Students of the Mammoth Lakes Academy enjoy outdoor adventures as part of their curriculum. Armstrong is in green. (Photo courtesy Armstrong)
As Mammoth Lakes Academy Director Trip Armstrong says, “We’re not trying to compete with Mammoth High School. We’re not trying to be a threat. We just want people to know that there’s an option [for high school].”
Now in its 3rd year, Mammoth Lakes Academy is hosting an open house for prospective students this coming Wednesday from 4-7 p.m. at its “campus” inside the Inyo-Mono Title Building.
MLA offers a CAVA (California Virtual Academy) online curriculum for 15 students in 9th through 12th grades. The online curriculum is augmented by the presence of Armstrong, who teaches six hours a day on a wide variety of subjects, including geometry, algebra 2, pre-calculus, A.P. calculus, biology, chemistry, A.P. physics and spanish.
The only subject he apparently doesn’t teach is driver’s education.
Registration with the state for the online curriculum is free, and there are some students within the Town of Mammoth Lakes who are completing high school online independent of Mammoth Lakes Academy.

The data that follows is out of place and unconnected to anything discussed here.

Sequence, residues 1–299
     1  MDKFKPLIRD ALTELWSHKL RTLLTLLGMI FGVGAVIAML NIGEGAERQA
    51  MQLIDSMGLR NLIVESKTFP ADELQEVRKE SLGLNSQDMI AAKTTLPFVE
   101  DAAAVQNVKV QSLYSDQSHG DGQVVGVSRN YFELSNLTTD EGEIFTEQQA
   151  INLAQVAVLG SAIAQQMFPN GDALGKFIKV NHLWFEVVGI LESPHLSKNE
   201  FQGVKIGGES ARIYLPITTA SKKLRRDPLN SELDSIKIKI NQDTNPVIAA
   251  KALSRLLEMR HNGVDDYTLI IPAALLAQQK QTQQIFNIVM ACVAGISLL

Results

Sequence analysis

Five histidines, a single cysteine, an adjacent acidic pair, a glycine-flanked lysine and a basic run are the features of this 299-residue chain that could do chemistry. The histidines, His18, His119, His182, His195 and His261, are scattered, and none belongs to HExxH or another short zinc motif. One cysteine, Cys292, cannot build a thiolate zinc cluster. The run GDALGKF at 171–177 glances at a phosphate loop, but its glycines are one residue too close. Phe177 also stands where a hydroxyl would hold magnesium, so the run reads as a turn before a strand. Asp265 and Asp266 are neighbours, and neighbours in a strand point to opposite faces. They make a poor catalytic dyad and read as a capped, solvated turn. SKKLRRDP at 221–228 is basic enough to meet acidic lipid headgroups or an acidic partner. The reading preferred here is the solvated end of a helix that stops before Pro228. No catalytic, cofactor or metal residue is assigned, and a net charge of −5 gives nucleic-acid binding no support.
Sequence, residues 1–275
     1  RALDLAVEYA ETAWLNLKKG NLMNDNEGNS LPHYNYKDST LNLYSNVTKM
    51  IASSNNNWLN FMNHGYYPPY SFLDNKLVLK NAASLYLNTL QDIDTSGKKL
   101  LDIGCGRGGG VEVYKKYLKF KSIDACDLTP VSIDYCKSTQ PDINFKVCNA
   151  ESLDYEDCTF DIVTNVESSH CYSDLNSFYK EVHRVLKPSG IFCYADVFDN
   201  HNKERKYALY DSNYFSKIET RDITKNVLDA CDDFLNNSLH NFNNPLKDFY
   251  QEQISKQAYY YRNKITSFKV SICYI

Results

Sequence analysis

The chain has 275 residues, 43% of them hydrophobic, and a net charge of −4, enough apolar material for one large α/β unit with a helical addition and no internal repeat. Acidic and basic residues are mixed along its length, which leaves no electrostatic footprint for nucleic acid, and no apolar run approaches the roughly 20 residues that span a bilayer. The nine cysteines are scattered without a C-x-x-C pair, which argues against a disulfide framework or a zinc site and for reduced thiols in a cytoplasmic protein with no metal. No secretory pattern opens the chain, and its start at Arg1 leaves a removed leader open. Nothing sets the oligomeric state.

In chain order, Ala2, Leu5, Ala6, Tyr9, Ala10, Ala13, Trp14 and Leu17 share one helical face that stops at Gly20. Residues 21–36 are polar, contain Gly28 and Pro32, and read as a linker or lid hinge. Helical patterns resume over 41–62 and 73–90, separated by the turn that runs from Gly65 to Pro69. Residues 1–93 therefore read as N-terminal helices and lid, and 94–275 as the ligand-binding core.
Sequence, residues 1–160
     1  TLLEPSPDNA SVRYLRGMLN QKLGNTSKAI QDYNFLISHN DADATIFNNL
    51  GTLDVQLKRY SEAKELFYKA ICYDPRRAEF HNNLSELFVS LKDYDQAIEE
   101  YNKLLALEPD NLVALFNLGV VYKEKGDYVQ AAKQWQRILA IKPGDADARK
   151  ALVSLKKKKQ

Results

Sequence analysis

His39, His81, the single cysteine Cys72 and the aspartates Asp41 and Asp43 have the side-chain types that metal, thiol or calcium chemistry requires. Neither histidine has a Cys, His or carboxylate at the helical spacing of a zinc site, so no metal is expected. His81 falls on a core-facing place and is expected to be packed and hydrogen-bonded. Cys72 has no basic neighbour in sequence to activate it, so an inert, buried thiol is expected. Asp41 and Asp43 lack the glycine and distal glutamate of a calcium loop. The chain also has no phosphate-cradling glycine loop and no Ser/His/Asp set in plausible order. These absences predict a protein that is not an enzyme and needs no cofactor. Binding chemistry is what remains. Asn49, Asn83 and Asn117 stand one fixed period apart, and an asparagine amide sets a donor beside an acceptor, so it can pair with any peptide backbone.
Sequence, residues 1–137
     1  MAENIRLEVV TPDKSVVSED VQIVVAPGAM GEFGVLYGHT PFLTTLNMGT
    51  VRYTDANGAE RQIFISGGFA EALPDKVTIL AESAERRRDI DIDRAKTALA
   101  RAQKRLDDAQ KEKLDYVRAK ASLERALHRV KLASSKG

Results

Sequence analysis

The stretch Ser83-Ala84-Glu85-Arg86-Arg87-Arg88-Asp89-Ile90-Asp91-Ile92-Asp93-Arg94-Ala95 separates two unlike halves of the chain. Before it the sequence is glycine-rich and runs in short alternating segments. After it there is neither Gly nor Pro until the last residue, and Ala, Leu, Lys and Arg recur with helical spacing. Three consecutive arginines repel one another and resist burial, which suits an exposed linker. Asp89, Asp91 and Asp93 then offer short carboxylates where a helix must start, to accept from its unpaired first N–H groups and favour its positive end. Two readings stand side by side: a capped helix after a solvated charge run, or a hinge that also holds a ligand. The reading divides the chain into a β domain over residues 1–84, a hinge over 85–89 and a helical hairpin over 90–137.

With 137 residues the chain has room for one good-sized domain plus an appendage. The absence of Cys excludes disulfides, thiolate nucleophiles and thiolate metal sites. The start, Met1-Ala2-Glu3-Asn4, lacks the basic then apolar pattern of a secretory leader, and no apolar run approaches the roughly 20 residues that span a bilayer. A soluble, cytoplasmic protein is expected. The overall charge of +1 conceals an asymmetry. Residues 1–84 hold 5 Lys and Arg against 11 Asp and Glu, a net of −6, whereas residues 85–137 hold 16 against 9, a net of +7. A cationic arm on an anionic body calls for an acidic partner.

MLA tuition, which obviously includes Armstrong’s services, is $5,000 per year.
In addition, MLA provides extracurricular programs in the three ‘r’s.’
Armstrong received his bachelor’s degree from Boston College, and has a Master’s and PhD in Ecology from UC Davis. (Editor’s Note: Based on a reader’s tip, The Sheet called UC Davis to inquire about advanced academic degrees Mammoth Lakes Academy’s Trip Armstrong claimed to possess. We were told he was enrolled as a graduate student from 1995-2002, but had never received a degree. Updated 5-18-12) During MLA’s three years of existence, enrollment has ranged from between 12 to 17 students.
Ideally, Armstrong believes he could accommodate 25 students and would like to add a few teachers to the mix. As he readily admits, he is stronger in the math/science disciplines.
Are parents happy with MLA? You bet. Julie Duff’s daughter Noah had aspirations of going to college on a skiing scholarship. While injuries tabled that plan, Duff credits Armstrong with helping her daughter land a full-ride academic scholarship to the University of Hawaii.
Tom Cage is also a happy parent. “Trip knows how to motivate and connect with the kids,” he said.
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